Ride-sharing competitors Uber and Lyft are unlikely partners in a new fight against the FBI’s privacy practices.
The two startups are part of a coalition challenging the FBI on a proposal that would block citizens from knowing if they're included in its massive database of biometric data. The vast “Next Generation Identification System” includes fingerprints, palm prints, iris and facial scans, and photographs of tattoos collected not only from criminals, suspects and detainees, but also from those undergoing background checks, security clearances, naturalization and other government processes.
Last month, the Justice Department agency posted a draft proposal arguing the database should be exempt from the Privacy Act, a law that requires agencies to let individuals know about, and verify, the information being collected about them.
The coalition also includes advocacy groups the American Civil Liberties Union, the Electronic Privacy Information Center and the Sunlight Foundation. The groups urged the FBI to expend the 30-day comment period on its proposal.
“The FBI waited over half a decade to publish a basic privacy notice about NGI,” the letter said. “Now, the American people have 21 business days to comment on that system – and the FBI’s request to make most of it secret. This is far too little time.”
In the draft proposal, the FBI claimed sharing this information with subjects could harm criminal investigations, potentially exposing a “sensitive investigative technique” or letting those individuals “avoid detection or apprehension.”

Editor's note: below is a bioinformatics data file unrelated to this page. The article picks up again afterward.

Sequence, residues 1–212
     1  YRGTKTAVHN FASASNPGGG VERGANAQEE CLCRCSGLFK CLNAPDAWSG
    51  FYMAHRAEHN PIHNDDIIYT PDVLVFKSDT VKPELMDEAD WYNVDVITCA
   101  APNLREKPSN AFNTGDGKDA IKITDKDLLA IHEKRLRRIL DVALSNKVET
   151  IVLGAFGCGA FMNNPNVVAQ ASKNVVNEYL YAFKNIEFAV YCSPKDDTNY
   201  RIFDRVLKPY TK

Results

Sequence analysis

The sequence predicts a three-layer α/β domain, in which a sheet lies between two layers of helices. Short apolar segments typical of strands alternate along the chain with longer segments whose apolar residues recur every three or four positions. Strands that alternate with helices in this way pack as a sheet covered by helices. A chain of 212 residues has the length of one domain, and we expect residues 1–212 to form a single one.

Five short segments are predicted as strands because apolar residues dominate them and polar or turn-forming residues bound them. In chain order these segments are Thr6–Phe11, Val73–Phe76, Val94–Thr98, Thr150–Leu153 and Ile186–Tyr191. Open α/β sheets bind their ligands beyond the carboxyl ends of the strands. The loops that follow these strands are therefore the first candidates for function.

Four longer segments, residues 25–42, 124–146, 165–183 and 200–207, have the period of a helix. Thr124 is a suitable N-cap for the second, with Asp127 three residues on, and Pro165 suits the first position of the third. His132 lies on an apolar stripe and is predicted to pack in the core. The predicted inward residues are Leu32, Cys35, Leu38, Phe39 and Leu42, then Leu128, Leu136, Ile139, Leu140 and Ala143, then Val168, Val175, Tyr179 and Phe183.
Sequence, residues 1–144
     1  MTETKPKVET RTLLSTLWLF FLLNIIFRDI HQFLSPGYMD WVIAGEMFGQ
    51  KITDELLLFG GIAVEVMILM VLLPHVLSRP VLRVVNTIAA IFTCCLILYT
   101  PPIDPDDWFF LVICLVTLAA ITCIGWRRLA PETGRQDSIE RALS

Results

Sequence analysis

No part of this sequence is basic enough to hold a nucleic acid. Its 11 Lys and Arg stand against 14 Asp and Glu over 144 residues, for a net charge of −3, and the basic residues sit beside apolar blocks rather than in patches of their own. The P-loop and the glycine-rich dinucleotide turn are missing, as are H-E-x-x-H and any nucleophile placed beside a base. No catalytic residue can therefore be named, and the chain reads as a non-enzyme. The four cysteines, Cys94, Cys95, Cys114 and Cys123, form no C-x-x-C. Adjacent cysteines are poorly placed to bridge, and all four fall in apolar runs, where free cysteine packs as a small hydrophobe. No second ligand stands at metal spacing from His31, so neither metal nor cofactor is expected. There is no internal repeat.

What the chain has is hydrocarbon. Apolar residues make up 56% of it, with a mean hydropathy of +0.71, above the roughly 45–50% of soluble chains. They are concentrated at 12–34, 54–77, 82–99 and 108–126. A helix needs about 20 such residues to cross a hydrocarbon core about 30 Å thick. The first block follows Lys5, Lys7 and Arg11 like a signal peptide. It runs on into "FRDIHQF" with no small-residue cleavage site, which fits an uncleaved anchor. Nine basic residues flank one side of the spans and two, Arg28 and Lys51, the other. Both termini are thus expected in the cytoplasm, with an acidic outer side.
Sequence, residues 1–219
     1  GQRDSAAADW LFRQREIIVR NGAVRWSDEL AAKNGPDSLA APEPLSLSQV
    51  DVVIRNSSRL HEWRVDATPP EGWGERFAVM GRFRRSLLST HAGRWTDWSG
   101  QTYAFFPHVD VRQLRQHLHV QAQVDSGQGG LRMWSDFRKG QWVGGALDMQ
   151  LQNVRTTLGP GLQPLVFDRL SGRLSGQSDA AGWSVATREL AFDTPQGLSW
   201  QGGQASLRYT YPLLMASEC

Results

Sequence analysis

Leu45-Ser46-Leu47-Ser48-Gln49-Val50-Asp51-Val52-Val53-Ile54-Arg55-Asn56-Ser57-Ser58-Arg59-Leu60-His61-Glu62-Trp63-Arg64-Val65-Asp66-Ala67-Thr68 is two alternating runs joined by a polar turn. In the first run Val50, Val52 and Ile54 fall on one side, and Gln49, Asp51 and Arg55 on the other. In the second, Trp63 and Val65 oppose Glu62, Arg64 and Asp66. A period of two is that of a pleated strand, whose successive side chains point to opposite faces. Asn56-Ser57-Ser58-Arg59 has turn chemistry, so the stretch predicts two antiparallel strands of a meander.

But the coalition argued this exemption would affect minorities and immigrants disproportionately, especially as the database includes data from those applying to become permanent residents and naturalized citizens as well as photos and mugshots from state and local law enforcement.
The letter claimed research, including some "authored by FBI personnel," suggests some processes such as facial recognition could misidentify those who are young, black, and women, at higher rates than those who are white, older, and men.
A powerful surveillance tool like the NGI, with "all the potential for abuse that it brings," also needs a protocol allowing its contents to be verified, according to a blog post authored by ACLU senior policy analyst, Jay Stanley.
"Yet, the FBI appears to be moving in exactly the opposite direction, seeking to exempt itself even from the limited privacy protections that so far exist in law," Stanley wrote.